By Jashwin Baijoo, Head of Strategic Engagement and Crypto Asset Compliance and Kiara Naidoo, Tax Attorney, Tax Consulting SA
Landing in a position of indebtedness to SARS can be quite a stressful journey on its own; forgetting to leave room for crypto profits or gain, the destination becomes all the more daunting.
What classifies as a crypto asset?
The Taxation Laws Amendment Act, 23 of 2020 (TLAB) concretised the classification of a ‘crypto asset’, which, according to SARS, can be described as:
“a digital representation of value that is not issued by a central bank, but is traded, transferred and stored electronically by natural and legal persons for the purpose of payment, investment and other forms of utility, and applies cryptography techniques in the underlying technology.”
As we now know, under South African domestic law, a crypto asset is not considered currency, but rather to have a capital or revenue nature – circumstance dependent. What this means is that normal income tax rules will find application with crypto assets, and traders would need to declare any loss, gain or profit per tax year. This will fall either under “gross income” or “capital gain”, circumstance dependent.
SARS is always one step ahead
The onus of declaration, as with any other capital gain or revenue received, rests with the taxpayer; by failing to do so, the taxpayer will face under-declaration interest and penalties. Where a taxpayer has omitted to declare their crypto asset income, he/she may be subject to consideration that such non-compliance is a criminal offence.
In light of the volatility of crypto-markets, it is often the case that, where substantial profits/gains made in a year of assessment, the value of the crypto-assets has significantly changed by the time the filing season opens. In these instances, more so in recent times, this change results in a lower value position for the crypto-asset holder, to the extent where even liquidation of their crypto holdings will not satisfy the tax debt now due to SARS. So, you have landed at your destination, with your crypto assets in one hand and tax debt in another; where do you go next?
Using a map for your journey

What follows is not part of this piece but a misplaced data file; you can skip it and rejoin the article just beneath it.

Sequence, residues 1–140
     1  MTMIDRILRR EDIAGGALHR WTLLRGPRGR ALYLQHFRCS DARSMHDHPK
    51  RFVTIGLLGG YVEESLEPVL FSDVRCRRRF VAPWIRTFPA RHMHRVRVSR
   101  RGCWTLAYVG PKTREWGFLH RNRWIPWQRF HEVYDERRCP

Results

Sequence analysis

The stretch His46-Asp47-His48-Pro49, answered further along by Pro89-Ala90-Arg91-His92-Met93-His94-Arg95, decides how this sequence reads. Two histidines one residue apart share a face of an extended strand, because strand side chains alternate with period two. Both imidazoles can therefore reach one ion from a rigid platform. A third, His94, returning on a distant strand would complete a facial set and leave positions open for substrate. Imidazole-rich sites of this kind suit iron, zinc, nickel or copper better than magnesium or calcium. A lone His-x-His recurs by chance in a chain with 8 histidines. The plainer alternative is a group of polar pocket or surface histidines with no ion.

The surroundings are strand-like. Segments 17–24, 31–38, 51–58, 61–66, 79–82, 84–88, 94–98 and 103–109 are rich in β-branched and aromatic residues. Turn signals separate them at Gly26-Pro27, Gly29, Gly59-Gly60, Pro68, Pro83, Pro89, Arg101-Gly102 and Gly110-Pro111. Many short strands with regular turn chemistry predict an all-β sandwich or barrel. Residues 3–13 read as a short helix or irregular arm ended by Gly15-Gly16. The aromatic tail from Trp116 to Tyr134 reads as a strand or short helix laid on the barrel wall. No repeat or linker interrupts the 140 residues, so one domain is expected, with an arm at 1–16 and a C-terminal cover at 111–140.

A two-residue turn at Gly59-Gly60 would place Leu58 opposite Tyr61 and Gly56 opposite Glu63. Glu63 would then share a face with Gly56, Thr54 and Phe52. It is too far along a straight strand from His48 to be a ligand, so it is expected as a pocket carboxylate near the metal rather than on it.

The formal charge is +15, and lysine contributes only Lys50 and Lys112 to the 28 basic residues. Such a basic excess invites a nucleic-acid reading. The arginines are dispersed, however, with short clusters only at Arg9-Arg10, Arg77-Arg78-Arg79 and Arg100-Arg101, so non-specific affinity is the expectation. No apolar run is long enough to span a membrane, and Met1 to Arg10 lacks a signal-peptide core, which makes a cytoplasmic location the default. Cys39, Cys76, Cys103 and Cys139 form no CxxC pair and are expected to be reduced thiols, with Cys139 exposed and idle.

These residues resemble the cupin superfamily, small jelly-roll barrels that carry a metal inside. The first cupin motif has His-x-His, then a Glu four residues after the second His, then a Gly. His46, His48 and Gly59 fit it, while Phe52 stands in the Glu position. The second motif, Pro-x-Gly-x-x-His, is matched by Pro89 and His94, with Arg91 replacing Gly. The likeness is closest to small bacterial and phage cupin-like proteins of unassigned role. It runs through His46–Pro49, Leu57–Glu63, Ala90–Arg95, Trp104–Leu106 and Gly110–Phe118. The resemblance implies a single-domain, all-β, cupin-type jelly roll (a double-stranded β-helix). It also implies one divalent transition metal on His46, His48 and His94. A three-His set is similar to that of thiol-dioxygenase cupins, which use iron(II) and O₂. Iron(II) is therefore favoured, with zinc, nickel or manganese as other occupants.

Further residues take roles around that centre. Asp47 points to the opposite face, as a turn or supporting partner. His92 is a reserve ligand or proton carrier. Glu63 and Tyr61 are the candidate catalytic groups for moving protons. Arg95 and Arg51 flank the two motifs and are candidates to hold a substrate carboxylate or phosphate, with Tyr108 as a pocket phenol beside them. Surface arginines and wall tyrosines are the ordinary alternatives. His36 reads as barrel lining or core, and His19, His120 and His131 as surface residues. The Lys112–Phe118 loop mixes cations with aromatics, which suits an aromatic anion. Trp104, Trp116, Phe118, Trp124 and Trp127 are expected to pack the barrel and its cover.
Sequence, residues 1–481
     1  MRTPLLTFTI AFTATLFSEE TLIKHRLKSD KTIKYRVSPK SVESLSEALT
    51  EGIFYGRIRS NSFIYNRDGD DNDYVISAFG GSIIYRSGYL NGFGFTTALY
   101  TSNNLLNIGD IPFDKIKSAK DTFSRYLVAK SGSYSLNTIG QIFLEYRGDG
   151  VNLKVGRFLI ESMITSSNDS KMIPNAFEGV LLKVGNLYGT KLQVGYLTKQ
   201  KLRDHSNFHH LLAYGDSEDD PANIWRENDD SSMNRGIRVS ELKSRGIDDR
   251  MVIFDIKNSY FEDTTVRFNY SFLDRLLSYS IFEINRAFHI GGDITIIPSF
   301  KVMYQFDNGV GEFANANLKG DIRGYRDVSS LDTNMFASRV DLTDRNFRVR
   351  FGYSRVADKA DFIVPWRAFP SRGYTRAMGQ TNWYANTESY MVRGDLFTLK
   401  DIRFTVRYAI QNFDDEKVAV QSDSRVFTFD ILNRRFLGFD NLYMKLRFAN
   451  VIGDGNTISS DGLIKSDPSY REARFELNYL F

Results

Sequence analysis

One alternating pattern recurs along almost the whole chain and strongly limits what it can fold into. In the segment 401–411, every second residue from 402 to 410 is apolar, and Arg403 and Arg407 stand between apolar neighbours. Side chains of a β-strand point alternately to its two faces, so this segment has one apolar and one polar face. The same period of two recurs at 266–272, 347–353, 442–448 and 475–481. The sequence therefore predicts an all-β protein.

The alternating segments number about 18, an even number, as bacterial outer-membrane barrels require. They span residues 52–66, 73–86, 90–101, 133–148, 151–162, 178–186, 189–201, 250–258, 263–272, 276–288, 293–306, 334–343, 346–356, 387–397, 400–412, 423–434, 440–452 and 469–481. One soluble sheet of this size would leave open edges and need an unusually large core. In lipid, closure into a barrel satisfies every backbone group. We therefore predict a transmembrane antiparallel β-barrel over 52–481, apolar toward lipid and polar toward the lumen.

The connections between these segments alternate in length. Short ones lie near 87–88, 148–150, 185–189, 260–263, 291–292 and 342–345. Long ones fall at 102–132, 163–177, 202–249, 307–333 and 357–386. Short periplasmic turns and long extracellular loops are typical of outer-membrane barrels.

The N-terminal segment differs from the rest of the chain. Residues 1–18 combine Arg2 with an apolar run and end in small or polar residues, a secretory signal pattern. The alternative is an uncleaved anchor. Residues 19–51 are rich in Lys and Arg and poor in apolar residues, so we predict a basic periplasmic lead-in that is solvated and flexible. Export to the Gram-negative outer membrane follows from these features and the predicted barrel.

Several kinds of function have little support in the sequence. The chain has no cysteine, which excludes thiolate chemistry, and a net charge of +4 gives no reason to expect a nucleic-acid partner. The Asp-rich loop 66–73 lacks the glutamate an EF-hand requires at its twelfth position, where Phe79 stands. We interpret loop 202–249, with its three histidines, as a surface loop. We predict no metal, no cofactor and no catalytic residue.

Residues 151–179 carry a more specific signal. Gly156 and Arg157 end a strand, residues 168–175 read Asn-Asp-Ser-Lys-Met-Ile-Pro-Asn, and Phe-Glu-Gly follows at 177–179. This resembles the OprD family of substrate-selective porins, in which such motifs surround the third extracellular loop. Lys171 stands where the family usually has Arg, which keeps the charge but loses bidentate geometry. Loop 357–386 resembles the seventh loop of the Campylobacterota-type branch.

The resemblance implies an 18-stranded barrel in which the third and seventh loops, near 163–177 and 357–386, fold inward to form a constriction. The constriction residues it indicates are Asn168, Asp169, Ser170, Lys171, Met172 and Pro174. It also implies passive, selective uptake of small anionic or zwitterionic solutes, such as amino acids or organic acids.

SARS follows the same protocol for any tax debt that is outstanding, including those cases that involve crypto assets. This means that SARS will issue the taxpayer a Letter of Demand indicating what the outstanding debt is, as well as including a time frame in which the taxpayer must settle the debt. What SARS doesn’t tell the taxpayer is that the tax laws provide for various tax debt relief measures that are available, to provide the taxpayer a feasible way forward.
Where a taxpayer does not have legal merits to pursue any form of dispute pertaining to the tax debt arising from its crypto trading, but has difficulty in settling their tax debt, a Compromise of Tax Debt application may be available to the taxpayer.
The Compromise aims to aid taxpayers in reducing their tax liability by means of a Compromise Agreement, which the taxpayer enters into with SARS. Where a taxpayer approaches SARS correctly, and their financial circumstances warrant it, SARS can reduce the tax debt, and the taxpayer can pay off the balance in terms of the Compromise. In the end, total tax compliance is the ultimate goal, be it through the rectification of an error by SARS or securing a settlement that is more affordable to the taxpayer in a given instance.
It is easy to take a wrong turn when dealing with SARS, but taxpayers must have cognisance and understanding when it comes to a tax debt – what it means, how it comes about and how you can navigate SARS – before hitting a dead end. Should crypto traders find themselves dealing with unaffordable tax debt, they should take quick action to prevent further piling of interest and penalties onto an already precarious situation.